Thursday, October 2, 2008


The Magazine of Rock
Todd Rundgren
by Paul Myers

Todd Rundgren Arena (Hi-Fi Recordings, 2008)

Loyalty is essential for fans of the legendarily eclectic Todd Rundgren, because, from album to album, you never know just which Todd you're going to get. Throughout his over four decades as a recording artist, Rundgren has constantly confounded stylistic expectations in the pursuit of his untamed muse. Thus, it's been a wild ride from the so-called "proto power pop" of his first band, Nazz, to the piano-pounding, blue-eyed soul of his Runt years and his seminal 1972 one man band milestone, Something/Anything?

Since then he's also made stops at hard rock, Tropicália, R&B, AM pop ballads, and even a successful stab at laptop drum `n' bass with 2004's Liars. Then, there were the various incarnations of his band Utopia, which evolved from a populous quasi-jazz prog rock ensemble to a populist four-man new wave strike force over several wildly different albums between 1974 and 1986.

As an iconoclastic studio rat, Rundgren has redefined what it means to be a solo artist, particularly when technological advances have enabled him to march to the beat of his own drum machine.

Yet there are commonalities in his work, and even at his most conceptual, Rundgren's diversions always manage to bear melodically inventive fruit. And music aside, his lyrics have constantly strived to reconcile life's biggest spiritual and intellectual questions. As such, Todd's devoted fans trust him to show them a good time, wherever they may end up.

Even casual fans, though, will rejoice upon hearing that Rundgren has decided, on his 20th solo release, Arena, to crank up a good old "sing-along, guitar-rock" record. Naturally, Rundgren's philosophical bent leads him to spike these metallic leanings with a lyrical dissertation on the nature of anger, violence, and courage; albeit one that you can pump your fist and make devil horn hands to. Fittingly, the cover photo depicts a leaping Rundgren in a decidedly gladiatorial pose, bare-chested with guitar and shield at hand. What's put him on the warpath?

Well, it appears that, like many of us, Rundgren has had enough of eight years of the Bush Doctrine, and continuing on from Liars, a study of human deception, Arena dwells on the next step: Emotional consequences. I don't know about you, but when I find out someone's been lying to me, I usually get mad before I get even. Rundgren must feel that way too, because he opens with a track called "Mad." Starting with nimble acoustic fingerpicking in a cave-like reverb, the track escalates into stadium-sized rock rage as Rundgren's righteous anger boils over atop an aggressive eighth-note bass pulse and hard rock power riffing.

"This is more than upset,"Rundgren screams,"It's as enraged as I get / And you ain't seen me mad yet / And now I'm mad."

After staking out his hard-rocking territory, there's a brief soulful blues interlude on "Afraid" before he cranks it up again on "Mercenary." Rundgren could easily be talking about Blackwater, Inc.—the private military contractors hired by the Bushies in Iraq—when he sings, "Close your eyes and plug your ears and turn away / I will execute the task without dismay / Just leave upon the table what you've agreed to pay… I will do your dirty work."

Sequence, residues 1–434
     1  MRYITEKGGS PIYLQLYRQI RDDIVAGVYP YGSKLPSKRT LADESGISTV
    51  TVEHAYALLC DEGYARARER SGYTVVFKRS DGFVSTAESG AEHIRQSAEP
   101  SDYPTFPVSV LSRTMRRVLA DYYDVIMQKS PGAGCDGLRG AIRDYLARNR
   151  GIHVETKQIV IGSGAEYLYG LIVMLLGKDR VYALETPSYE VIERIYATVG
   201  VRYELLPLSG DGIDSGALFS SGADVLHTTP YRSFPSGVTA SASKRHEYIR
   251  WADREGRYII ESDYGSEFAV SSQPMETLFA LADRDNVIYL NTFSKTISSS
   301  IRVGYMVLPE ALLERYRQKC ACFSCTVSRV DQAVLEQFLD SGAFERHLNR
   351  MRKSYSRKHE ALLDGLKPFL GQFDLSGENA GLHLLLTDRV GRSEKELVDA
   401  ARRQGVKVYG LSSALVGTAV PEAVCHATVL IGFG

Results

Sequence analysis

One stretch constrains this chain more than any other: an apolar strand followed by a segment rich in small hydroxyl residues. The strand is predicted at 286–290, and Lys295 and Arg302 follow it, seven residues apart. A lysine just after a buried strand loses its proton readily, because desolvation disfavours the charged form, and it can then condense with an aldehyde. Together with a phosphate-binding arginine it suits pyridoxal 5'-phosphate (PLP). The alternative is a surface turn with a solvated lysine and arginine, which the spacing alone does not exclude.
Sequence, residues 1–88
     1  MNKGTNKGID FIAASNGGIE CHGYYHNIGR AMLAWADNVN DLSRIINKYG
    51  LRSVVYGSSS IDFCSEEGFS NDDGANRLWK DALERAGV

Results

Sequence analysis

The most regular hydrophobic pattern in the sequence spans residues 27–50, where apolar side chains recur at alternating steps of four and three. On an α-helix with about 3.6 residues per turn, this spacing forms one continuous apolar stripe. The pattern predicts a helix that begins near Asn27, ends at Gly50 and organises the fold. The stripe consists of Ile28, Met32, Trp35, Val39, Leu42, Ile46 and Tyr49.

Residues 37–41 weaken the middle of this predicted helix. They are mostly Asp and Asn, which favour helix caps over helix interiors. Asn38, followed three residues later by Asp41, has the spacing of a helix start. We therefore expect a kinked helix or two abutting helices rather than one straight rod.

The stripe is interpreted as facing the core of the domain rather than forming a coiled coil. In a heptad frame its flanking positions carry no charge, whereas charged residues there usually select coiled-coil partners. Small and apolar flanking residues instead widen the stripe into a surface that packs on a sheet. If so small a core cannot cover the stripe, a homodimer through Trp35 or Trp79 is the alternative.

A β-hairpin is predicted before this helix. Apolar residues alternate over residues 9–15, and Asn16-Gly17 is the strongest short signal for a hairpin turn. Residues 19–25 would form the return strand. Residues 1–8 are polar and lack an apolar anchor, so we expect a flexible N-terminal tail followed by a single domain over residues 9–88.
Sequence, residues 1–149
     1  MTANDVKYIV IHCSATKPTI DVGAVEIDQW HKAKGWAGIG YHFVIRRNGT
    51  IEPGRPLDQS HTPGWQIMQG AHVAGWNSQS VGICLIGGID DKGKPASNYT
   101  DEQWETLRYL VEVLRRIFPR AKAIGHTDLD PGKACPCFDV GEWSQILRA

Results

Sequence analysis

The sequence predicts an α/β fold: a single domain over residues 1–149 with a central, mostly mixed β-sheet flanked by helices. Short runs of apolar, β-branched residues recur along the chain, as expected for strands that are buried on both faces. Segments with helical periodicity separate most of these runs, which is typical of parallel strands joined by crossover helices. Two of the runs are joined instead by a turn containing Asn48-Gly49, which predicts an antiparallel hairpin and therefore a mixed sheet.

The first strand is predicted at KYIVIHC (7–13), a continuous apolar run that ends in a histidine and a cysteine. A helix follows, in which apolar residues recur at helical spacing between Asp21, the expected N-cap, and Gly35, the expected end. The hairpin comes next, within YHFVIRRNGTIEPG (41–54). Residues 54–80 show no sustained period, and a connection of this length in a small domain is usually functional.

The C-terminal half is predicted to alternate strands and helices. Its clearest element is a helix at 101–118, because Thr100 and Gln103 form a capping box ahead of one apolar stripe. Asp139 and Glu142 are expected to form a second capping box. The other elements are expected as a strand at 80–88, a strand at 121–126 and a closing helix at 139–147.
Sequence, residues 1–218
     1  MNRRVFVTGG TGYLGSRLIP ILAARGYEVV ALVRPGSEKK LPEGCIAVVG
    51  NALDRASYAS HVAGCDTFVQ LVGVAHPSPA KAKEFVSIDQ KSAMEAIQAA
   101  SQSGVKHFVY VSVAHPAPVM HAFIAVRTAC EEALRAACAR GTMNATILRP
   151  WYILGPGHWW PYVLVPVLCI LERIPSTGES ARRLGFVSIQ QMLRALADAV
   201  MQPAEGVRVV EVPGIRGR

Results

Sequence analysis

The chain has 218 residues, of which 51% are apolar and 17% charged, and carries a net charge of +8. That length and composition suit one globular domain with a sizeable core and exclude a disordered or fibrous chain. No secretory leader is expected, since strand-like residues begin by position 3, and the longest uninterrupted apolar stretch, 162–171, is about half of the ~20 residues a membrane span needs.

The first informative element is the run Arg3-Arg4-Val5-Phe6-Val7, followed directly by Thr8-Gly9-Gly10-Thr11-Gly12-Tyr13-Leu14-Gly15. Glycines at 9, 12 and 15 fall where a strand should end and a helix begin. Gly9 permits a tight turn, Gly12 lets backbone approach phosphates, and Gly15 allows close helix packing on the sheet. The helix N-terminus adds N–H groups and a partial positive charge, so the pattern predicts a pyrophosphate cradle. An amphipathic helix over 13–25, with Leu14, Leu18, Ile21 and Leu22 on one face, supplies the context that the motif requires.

"Gun" opens fire with a loaded Stratocaster over a Texas roadhouse boogie shuffle augmented with military chanting: "This is my rifle and this is my gun / This is for fighting and this is for fun." He's packin' heat, for sure, but one wonders how many NRA-lovin' Texas rednecks would lock and load to Rundgren's lyrical message: "I'm young, dumb, and I've got a gun / Public idiot number one / The constitution says that I'm so blessed / That I can clean my piece on the Supreme Court steps.

"Rundgren doesn't appear worried though, and fearlessly sticks to his thematic guns on the album's most striking tune, "Courage", a pressing call to find the bravery to follow one's convictions. Bold and anthemic, it's classic Rundgren, pondering the kind of emotional struggle he's previously explored in songs like "Real Man" from Initiation or "Determination" from Hermit of Mink Hollow.

"Weakness" glides masterfully back into Philly soul turf, this time with Hendrix-style ascending bass and guitar riffery, droning Hammond organ and a Wall o' Todd vocal chorus evocative of Something/Anything?

Next, Rundgren cranks up his best Angus Young guitar tone and affects a curiously Brian Johnson-like vocal rasp on "Strike." Sonically, it's as close as Rundgren has ever gotten to one of those massive Mutt Lange productions, complete with macho voices imploring the listener to "Strike while the iron is hot," and taunting, "Are you ready to rumble? / Are you just gonna grumble?

"Inversely, the slinky, cat-like "Pissin" calls out the kind of macho for macho's sake bore that launches futile battles just to win a pissing contest. Then, the testosterone subsides as themes of Zen enlightenment and reconciliation permeate the next three songs, "Today", "Bardo", and a proverb called "Mountaintop", in which a shuffling fuzz boogie riff roots a protagonist's lyrical search for a higher view of his world.

Nearing the end of the cycle, the manic Utopian rocker "Panic" implores the listener to avoid making rash decisions, even if the "room is on fire" before Arena's big finale, "Manup", hammers home the album's call to arms in a blazing finish.

In spite of the fact that Rundgren made Arena alone on his little laptop, the word that most comes to mind throughout is "big." This is big music—with big ideas, big drums, big vocals, and even bigger guitars—to be played in big halls. It's also the most accessible guitar-rock album Rundgren has made in years. To the Arena, then, and let the games begin.

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